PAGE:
The title is exciting, isn't it? The purpose of this blog is not to explain these libraries, very good documentation for them is already available. This blog will explain why the native app developer needs these libraries and how the developer experience changes when the need for such libraries is understood.
When you finish this blog series, I promise, you will learn a new way of writing your mobile apps, where you have a lot of predictability, testability, and better developer experience.
The concepts explained in this blog are platform neutral; both the iOS and Android development community can read on.
Let’s Understand the Need
Mobile apps are evolving fast; many of them perform more complex work than when they were conceived. With changing needs, are our existing app development architectures flexible enough?
Current architectures (MVC, MVVM, MVP, cleanAndroid, and so on) are built on an assumption that changes are always minimal and incremental, like adding one or more UI controls to the UI screen. But often, changes are non-incremental and sometimes disruptive, such as
- Adding completely new information to an existing screen- for instance, showing possible add-ons on the order confirmation screen.
- Introducing a new screen in the existing flow- for instance, introducing the user's frequently-bought items before user pays for the order.
How do we react to such app needs? We often rewrite the mobile app screens, and yes, more or less, we end up changing many classes across the whole app!
Why? When we add new information to the existing screen or add a new screen in a mobile app flow, we are altering the application state. Often, altering the app state sends rippling changes through the app code, and generally, we end up editing a good number of classes.
What Is Application State?
App State is the UI data models used by the app, UI views that reflect the portion of them and user actions, data from APIs, and data sources such as SQLite- content providers update them. You may not refer to them with the name App State, but certainly, every app has something like “App State.”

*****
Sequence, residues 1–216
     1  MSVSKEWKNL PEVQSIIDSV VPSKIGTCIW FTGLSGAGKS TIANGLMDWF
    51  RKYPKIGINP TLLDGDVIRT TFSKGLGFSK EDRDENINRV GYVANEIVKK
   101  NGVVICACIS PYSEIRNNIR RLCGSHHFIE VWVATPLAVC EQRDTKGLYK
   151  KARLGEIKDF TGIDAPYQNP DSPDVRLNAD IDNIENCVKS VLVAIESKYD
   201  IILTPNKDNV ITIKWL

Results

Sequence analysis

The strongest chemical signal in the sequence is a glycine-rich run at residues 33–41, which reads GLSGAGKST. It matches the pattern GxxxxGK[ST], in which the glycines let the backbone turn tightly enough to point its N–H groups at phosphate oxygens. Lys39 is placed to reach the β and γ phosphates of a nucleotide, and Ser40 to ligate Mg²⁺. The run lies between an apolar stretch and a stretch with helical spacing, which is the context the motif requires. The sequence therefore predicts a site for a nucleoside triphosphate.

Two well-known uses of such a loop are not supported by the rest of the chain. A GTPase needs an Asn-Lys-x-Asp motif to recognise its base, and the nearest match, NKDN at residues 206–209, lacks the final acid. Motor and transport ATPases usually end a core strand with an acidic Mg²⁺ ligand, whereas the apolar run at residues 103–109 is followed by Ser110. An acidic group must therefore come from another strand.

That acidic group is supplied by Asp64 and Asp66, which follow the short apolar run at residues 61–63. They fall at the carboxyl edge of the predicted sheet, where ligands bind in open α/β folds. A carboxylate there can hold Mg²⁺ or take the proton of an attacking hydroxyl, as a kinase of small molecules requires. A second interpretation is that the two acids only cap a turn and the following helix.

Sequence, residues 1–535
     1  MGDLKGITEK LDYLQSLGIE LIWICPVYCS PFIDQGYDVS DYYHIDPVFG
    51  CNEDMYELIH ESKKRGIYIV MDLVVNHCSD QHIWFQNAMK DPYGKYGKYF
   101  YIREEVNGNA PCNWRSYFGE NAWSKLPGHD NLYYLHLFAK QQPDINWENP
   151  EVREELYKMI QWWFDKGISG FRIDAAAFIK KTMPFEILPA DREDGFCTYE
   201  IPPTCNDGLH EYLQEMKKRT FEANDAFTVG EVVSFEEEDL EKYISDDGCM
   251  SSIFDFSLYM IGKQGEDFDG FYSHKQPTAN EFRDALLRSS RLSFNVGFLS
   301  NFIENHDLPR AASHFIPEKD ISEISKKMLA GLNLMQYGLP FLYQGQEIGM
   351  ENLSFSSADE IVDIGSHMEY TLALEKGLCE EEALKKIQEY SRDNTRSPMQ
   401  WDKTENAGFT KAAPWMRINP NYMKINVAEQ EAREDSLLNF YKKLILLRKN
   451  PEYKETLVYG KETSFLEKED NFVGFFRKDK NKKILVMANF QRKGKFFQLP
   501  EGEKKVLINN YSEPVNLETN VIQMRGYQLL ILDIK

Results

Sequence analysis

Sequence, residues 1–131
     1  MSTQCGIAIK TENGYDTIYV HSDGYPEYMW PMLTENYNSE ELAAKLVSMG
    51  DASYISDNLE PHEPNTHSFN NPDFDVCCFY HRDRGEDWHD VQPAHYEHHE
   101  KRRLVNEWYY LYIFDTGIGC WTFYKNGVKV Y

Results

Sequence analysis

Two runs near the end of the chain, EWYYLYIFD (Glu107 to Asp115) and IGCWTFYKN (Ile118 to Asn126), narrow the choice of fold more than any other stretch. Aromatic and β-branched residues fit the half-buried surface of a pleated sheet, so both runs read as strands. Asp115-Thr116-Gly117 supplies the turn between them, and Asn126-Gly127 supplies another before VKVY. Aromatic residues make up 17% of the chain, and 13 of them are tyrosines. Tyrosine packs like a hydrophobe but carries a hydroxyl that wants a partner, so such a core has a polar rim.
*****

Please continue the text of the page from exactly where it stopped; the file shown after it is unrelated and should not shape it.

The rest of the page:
How Are We Updating the App State?
- No consistency: Often, trivial modification of the state results in disruption, as we don’t have a consistent way to handle the UI state of the app. It is the developer's discretion to decide how to update the app state. Often, the same sub-state gets updated by different code blocks.
No single source of truth: The application UI state is stored in different objects, and often they are defined according to the needs of the screens. The data gets duplicated across many objects.
As the app grows, so does the complexity of handling the states. For example, in the above picture, if the age is updated, every screen state that has the age has to be updated.
- Multiple communication paths: In typical app code, changes are communicated two ways: from the code blocks to the data models, and from the data model to the components.
If you think the above picture looks messy, the cruel truth is that most of our native app code looks exactly the same.
Now that we understand the issues, let’s find out the solution explore — is there any better way?
It starts with the below principles:
- Have a single source of truth for the app state.
Let’s not have every screen have its own state. Instead, every screen should work with the same object, the app state. The state can have sub-states. The composition of sub-states makes the app state; for example, in an ordering app, sub-states could be the user, user profile, offer, cart, order, last orders, etc.
2. State is read-only.
- Not every function in the app can update the state. Instead, have a consistent mechanism to update the states.
- The initiation of a state update should be explicit, using an object that describes what happened. Redux calls the object "Action."
- Neither the views nor the network callbacks will ever write directly to the state.
- All changes are centralized and happen one by one in a strict order. No race conditions!
3. A pure function changes the state.
State changes are made by the functions that take the previous state and an action and return the next state. These functions do not change the previous state; they create and return new state objects instead of mutating the previous state. Redux calls these functions "reducers."
What about unit testing such a mechanism?
Absolutely necessary. In order to ensure unit testability, such a mechanism should be a pure function, devoid of native app intricacies such as "context" in Android, or "viewcontrollers" in iOS.
React to State Changes
The states are updated, now how are the components updated with the app state changes?
Before understanding that, let’s understand components. Components can be a portion of a native app page, or even a complete app page. These are Fragments and Activities components in Android; Viewcontroller and Views are components in iOS.
In order to get updates, the components subscribe to the state changes.
When the app state is updated, the subscribed components are notified of the state changes. It is up to the components to react to events, either by updating the UI, taking some action, or simply ignoring the event.
Simple, isn’t it? Remember, in typical native app code, we have the series of callbacks instead, knocking on the door of callback hell.
In the Next Post…
Now that we understand and have learned the concepts, we will look deeply into the Redux and code examples in the next post, where you will start appreciating how Redux changes the developer experience.